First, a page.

The Masorti movement — the Israeli branch of Conservative Judaism — sponsors a school and synagogue in French Hill, a school in Gilo and synagogues in the Ramot neighborhood and in Ma’ale Adumim. “The UN resolution is indiscriminate and historically obtuse,” said Rabbi David Wolpe of Sinai Temple in Los Angeles, who is one of the most prominent Conservative rabbis in the US.

Wolpe told JNS.org that, “Many of the areas the UN purports to ‘return’ are historically and by rights Jewish territory recognized de facto by the parties themselves. For the Masorti movement in Israel, enacting such a resolution would have terrible consequences religiously, economically and to the spirit of religious pluralism in Israel.”

The religious-Zionist social service organization AMIT is planning a “Yom Yerushalayim Mission” to Israel in May, which will include a number of events and activities in post-1967 parts of Jerusalem, including the Old City area. AMIT Executive Vice President Andrew Goldsmith told JNS.org that the UN’s action will not interfere with his organization’s work. During the past century, “we have witnessed many different political statements and efforts, none of which have had an impact” on AMIT’s work, he said, adding that the UN resolution “will not have an impact on our ability to serve our students.”

‘Oom-Shmoom’

“David Ben-Gurion (Israel’s first prime minister) coined a phrase that accurately sums up how most Israelis feel about the United Nations,” said Mordechai Nisan, a professor of Middle East studies at Hebrew University. “The phrase was ‘Oom-Shmoom’ — ‘Oom’ is how the abbreviation for the UN is pronounced in Hebrew, and ‘Shmoom’ was Ben-Gurion’s way of dismissing its relevance.”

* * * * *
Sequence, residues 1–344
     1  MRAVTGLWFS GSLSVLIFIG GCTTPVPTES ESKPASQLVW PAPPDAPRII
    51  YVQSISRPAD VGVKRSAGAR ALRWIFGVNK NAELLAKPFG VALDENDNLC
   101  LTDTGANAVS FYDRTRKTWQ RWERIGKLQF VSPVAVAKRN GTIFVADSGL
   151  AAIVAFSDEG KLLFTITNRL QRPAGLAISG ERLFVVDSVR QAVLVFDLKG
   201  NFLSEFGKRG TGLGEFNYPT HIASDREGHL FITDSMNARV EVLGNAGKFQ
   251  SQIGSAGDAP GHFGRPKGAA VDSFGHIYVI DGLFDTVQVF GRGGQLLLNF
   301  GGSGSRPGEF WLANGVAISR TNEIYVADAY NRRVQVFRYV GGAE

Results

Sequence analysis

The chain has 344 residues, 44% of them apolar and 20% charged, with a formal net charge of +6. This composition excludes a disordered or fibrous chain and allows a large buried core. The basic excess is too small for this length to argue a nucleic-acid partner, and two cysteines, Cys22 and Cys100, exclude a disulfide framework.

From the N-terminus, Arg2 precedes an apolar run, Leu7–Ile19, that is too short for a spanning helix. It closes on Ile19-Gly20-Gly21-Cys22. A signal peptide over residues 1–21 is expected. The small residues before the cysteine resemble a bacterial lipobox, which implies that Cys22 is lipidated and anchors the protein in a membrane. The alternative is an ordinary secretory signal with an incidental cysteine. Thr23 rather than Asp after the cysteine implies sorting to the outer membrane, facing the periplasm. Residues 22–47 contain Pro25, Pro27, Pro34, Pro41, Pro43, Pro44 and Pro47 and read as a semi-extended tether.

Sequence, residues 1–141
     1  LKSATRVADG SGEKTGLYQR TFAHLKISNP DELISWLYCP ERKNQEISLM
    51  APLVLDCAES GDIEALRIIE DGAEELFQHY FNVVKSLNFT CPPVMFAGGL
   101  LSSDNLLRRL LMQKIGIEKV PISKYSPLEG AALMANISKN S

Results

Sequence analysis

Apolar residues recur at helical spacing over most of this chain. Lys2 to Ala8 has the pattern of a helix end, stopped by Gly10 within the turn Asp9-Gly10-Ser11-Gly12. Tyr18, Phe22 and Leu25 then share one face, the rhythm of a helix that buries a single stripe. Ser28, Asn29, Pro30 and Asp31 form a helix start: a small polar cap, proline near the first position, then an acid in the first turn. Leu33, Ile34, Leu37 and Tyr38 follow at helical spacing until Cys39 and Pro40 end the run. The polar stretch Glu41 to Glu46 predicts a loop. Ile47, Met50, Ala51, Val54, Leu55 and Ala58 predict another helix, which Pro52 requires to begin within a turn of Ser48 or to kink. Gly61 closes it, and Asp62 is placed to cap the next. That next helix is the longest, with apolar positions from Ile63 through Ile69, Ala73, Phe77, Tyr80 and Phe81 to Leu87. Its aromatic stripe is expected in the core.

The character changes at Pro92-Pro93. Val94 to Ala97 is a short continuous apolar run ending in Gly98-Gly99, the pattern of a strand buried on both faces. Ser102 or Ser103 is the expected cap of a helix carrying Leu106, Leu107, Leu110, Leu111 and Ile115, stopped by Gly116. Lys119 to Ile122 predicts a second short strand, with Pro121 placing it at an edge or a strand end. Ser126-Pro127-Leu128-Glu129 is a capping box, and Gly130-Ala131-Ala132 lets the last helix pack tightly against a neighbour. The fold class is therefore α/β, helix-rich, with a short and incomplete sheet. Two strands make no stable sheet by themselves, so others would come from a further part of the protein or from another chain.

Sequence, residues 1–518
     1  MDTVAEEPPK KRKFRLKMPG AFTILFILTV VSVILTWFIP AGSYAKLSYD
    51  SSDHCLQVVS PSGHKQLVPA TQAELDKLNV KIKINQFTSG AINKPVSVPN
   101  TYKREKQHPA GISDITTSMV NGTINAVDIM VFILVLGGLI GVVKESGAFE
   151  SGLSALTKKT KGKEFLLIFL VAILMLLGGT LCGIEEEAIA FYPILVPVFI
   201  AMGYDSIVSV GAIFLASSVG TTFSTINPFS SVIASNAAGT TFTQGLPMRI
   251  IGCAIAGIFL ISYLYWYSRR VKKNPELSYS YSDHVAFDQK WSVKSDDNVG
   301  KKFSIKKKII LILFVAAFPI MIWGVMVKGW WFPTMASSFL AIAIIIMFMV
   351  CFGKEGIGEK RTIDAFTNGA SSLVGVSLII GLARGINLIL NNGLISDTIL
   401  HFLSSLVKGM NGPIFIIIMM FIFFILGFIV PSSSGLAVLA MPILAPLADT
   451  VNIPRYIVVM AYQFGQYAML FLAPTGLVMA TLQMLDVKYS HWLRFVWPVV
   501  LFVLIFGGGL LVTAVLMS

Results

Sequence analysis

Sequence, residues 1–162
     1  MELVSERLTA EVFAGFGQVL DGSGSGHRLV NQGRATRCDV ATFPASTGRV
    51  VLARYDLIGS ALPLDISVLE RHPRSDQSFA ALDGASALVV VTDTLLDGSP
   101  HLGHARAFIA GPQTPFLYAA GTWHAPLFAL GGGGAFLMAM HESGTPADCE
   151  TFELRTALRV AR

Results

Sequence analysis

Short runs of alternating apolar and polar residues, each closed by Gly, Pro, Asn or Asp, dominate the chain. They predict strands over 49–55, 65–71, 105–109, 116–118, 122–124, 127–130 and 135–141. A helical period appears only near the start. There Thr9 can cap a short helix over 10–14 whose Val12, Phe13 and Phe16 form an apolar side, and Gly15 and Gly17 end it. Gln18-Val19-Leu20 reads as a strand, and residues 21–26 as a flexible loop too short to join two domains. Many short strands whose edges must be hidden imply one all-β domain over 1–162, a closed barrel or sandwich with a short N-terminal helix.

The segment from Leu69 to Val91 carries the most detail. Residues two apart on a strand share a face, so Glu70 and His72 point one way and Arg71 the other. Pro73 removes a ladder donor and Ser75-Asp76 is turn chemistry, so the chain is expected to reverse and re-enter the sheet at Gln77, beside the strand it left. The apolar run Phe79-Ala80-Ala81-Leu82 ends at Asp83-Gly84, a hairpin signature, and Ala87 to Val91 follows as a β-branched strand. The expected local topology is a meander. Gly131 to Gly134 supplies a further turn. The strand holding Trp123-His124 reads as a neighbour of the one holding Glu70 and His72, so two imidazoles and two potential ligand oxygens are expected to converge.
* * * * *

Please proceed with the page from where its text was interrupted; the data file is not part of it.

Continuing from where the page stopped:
Nisan, who resides in the Jerusalem neighborhood of Ramot Bet, parts of which are beyond the 1967 lines, told JNS.org, “Nobody is going to chop apartment buildings or streets in half in Ramot Bet or any other Jerusalem neighborhood. More than 250,000 Jews reside in parts of Jerusalem past the 1967 lines, and they are here to stay. The supporters of the recent UN resolution are delusional — they are living in their own little echo chamber, with no connection to reality.”

Hoping for a new position

Under the Obama administration, the US took a position similar to that of the UN, branding the post-1967 parts of Jerusalem as “occupied territory.” Many observers are hopeful that US policy will change under President Donald Trump. “It’s hard to imagine any American government being less favorable to Israel on Jerusalem-related issues than the Obama Administration,” Yossi Klein Halevi said. “I expect the new administration to be better, perhaps significantly better.”

Alyza Lewin said it is “imperative” for the Trump administration to “promptly recognize Israel’s sovereignty over Jerusalem.” Lewin and her father, Nathan Lewin, were the attorneys in a recent suit by a Jerusalem-born American citizen concerning his request to have his passport list “Israel” as his place of birth, instead of “Jerusalem,” which has been the State Department’s practice because the US does not recognize any part of Jerusalem as being in Israel. The Supreme Court turned down that request in 2015, on the grounds that the American president has the exclusive authority to recognize foreign sovereigns.

“Since that is the position of the Court’s majority,” Alyza Lewin said, “President Trump should use his authority to promptly recognize Israel’s sovereignty over all of Jerusalem.”